It’s Monday again. Another useless staff meeting so early in the morning. I’m sitting with all of the other teachers, wondering if they are wishing the weekend could be just a little longer. It’s February and I’m in my second year of teaching. It’s cold and I’m depressed again and out of ideas for the classroom. I want it to be Sunday or Saturday, but not Monday.
This morning, my principal is running the staff meeting, which is very unusual. He hardly ever comes out of his office. He’s a behind-the-scenes kind of guy, which doesn’t work well in school for teenagers who are completely out of control. He’s a horrible leader. Today, he’s a humbled leader, then again we all are about to be.
“I’m afraid I have some very bad news. Over the weekend, Joe was shot and killed.” There’s a silence that falls over the room. It hangs in the air and isn’t broken until Joe’s homeroom teacher bursts into tears. I sigh heavily fighting back the tears. I can’t cry about this, he wasn’t my student. Just a student that I knew, who I saw in the hallways, and now he’s dead. He was 15.
“What could I have done differently? What could we have done differently to save him? It’s our fault. All of us.” This is what I’m shouting to one of my good friends, Arnie, a few days later. I’m shouting this while crying because I’m upset about Joe. I’m so angry because I can’t help these kids and I feel like no matter what I do, it’s never enough. Once again, I’m a failure. This seems to be a recurring theme in my teaching career.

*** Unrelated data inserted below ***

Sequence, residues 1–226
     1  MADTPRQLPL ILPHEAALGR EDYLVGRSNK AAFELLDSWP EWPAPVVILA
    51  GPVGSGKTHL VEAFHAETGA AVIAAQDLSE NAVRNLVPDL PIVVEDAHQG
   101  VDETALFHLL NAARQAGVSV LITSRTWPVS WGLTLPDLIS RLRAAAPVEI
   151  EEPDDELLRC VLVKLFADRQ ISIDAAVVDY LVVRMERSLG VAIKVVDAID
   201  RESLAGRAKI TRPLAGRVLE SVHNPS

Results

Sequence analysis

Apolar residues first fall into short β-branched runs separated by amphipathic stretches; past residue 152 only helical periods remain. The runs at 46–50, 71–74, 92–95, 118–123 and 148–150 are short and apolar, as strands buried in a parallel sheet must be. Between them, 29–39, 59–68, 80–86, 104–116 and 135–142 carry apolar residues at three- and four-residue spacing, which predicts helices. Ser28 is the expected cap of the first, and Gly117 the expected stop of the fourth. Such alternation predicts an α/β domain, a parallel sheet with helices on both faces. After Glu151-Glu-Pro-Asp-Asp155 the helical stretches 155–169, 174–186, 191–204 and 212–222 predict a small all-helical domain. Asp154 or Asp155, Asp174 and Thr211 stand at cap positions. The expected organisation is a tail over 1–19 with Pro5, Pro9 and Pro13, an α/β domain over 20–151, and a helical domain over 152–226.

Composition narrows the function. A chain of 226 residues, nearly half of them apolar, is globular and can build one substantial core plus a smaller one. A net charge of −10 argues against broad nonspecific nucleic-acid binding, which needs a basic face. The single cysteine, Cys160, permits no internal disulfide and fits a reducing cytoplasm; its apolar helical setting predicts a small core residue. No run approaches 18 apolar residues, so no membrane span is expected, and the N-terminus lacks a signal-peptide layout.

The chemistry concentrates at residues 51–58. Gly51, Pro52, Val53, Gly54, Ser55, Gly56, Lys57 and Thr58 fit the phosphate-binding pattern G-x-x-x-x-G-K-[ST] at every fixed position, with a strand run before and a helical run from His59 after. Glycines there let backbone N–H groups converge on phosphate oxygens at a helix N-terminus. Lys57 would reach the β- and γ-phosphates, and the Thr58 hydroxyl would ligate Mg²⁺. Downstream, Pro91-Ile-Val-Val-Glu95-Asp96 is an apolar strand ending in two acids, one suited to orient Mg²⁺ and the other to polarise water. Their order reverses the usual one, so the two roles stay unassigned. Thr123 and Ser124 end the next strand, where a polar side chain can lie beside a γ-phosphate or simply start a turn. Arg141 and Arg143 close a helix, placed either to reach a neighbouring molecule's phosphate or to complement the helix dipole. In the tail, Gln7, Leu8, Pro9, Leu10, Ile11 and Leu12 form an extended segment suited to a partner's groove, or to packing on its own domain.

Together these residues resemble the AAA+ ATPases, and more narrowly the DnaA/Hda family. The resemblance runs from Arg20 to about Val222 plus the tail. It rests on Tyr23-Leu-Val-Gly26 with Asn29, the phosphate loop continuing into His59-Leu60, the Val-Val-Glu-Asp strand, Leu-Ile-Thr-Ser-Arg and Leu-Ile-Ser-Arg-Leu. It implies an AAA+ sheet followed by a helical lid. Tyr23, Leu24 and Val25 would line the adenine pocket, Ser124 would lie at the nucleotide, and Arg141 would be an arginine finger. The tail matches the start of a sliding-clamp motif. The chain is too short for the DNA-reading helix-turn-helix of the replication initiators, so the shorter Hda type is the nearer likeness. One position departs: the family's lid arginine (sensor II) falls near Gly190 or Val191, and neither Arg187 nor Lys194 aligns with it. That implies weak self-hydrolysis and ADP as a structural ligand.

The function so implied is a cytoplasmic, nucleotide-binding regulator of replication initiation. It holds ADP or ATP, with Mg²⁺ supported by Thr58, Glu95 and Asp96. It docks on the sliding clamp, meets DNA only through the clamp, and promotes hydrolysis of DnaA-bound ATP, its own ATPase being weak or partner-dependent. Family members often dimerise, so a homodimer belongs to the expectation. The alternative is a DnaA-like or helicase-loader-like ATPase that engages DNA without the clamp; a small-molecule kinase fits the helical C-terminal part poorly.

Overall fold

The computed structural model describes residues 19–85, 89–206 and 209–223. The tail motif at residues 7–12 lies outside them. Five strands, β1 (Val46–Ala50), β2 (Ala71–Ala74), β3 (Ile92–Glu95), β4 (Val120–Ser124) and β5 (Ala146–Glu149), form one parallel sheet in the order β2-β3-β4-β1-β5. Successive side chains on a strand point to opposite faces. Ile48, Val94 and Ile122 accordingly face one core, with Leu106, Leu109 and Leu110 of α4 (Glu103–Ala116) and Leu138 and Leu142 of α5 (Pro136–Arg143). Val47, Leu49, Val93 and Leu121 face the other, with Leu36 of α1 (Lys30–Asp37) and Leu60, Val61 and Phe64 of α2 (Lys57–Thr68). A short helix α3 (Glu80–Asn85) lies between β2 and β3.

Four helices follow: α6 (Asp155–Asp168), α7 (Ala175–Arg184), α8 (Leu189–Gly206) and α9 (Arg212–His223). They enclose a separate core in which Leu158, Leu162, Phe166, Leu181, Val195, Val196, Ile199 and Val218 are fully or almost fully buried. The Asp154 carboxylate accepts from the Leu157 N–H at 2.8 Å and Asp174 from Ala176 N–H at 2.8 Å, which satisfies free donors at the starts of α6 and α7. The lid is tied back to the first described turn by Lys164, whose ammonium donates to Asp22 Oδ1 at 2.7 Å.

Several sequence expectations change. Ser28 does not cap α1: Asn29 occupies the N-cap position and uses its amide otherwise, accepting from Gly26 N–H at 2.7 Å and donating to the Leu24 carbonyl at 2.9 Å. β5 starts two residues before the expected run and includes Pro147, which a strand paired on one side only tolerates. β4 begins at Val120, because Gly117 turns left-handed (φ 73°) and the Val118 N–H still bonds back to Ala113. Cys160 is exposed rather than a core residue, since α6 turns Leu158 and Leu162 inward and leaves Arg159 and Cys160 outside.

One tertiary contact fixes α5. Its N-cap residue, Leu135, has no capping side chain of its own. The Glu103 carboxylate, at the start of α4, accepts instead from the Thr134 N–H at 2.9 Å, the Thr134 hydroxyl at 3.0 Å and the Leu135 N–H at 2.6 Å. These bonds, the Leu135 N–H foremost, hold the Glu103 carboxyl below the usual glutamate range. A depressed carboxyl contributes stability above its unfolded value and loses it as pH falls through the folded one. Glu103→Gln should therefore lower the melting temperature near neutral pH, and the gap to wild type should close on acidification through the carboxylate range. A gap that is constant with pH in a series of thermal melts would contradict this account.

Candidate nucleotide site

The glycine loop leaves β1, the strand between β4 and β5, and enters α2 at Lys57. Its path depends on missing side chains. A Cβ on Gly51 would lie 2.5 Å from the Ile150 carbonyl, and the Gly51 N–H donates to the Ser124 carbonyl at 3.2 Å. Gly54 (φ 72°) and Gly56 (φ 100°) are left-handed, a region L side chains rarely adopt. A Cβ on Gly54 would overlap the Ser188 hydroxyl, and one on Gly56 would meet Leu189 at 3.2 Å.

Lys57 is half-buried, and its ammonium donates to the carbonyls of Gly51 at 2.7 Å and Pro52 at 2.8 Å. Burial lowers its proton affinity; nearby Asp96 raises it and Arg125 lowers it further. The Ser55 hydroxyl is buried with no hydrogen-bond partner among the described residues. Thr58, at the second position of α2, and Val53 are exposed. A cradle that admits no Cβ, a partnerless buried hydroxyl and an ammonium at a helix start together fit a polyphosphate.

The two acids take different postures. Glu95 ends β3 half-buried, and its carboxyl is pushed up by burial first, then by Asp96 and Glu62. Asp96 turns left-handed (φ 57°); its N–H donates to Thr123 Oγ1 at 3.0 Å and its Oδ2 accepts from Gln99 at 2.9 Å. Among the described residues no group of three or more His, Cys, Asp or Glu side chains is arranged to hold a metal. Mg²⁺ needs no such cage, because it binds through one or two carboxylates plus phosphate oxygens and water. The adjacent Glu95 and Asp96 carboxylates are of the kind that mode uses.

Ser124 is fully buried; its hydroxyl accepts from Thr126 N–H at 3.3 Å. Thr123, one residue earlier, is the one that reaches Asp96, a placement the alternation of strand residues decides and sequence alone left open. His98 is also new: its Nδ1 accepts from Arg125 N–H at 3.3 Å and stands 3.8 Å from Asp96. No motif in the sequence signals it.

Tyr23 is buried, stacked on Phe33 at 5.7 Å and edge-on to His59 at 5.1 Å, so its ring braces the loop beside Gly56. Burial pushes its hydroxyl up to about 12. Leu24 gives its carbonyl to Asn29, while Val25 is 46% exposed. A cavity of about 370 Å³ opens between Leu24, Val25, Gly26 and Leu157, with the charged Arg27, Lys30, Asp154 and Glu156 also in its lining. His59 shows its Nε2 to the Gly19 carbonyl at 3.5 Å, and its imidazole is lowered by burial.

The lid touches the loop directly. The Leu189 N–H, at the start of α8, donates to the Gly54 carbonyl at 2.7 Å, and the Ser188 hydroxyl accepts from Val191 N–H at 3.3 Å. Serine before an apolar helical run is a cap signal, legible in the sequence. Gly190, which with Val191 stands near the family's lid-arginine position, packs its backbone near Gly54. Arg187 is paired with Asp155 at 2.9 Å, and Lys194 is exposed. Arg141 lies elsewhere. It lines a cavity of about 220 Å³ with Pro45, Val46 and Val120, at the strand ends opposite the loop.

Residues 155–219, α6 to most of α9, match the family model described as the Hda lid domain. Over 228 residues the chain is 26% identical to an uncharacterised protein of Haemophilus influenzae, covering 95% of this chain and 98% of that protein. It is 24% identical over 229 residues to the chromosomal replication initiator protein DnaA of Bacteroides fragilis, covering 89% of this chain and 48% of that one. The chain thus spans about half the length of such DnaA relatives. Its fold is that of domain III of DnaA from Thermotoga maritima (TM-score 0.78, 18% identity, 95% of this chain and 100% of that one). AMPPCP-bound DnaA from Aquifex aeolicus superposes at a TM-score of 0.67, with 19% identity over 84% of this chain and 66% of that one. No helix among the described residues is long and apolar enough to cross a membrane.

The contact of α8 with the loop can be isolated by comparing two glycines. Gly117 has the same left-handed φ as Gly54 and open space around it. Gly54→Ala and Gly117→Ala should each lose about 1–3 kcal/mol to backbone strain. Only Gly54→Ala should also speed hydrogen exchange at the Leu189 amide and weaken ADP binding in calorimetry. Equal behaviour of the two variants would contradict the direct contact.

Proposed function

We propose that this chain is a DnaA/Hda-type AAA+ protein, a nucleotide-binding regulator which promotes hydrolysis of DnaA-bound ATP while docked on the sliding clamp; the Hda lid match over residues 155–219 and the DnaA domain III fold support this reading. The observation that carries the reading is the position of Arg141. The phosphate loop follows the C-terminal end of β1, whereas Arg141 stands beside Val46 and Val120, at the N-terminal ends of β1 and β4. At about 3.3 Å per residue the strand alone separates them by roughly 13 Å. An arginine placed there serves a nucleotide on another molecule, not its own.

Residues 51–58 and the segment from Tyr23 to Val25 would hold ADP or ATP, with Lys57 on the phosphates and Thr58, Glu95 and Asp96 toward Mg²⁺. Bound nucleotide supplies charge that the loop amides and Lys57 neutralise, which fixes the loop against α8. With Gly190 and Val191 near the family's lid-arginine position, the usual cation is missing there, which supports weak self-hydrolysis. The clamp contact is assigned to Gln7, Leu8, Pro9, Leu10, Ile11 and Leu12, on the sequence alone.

Arnie tells me that there’s nothing that any of us could do. It wasn’t our fault. He isn’t helping. Nothing comforts me about the reality of the situation. I’m just a teacher, I’m not a savior. Why can’t I be more of a positive force in these kids’ lives?
I still get sad thinking about Joe sometimes. Thinking about all of my current and former students. I think about my students' lives and how hard each of them has it. Single parent homes, poverty, drug addiction, physical and sexual abuse, teenage pregnancy – the list goes on and on. Do I make a difference?
When I get overwhelmed by it, I try to remember the good times I’ve had with my students. I think of the laughter and the smiles I’ve shared with many of them. It’s those pieces of joy that I try to keep in my mind. The memories of the good times, of learning and finding out about new things. That’s all I can give them. A bit of hope through education because I know now that I can’t save them from their lives.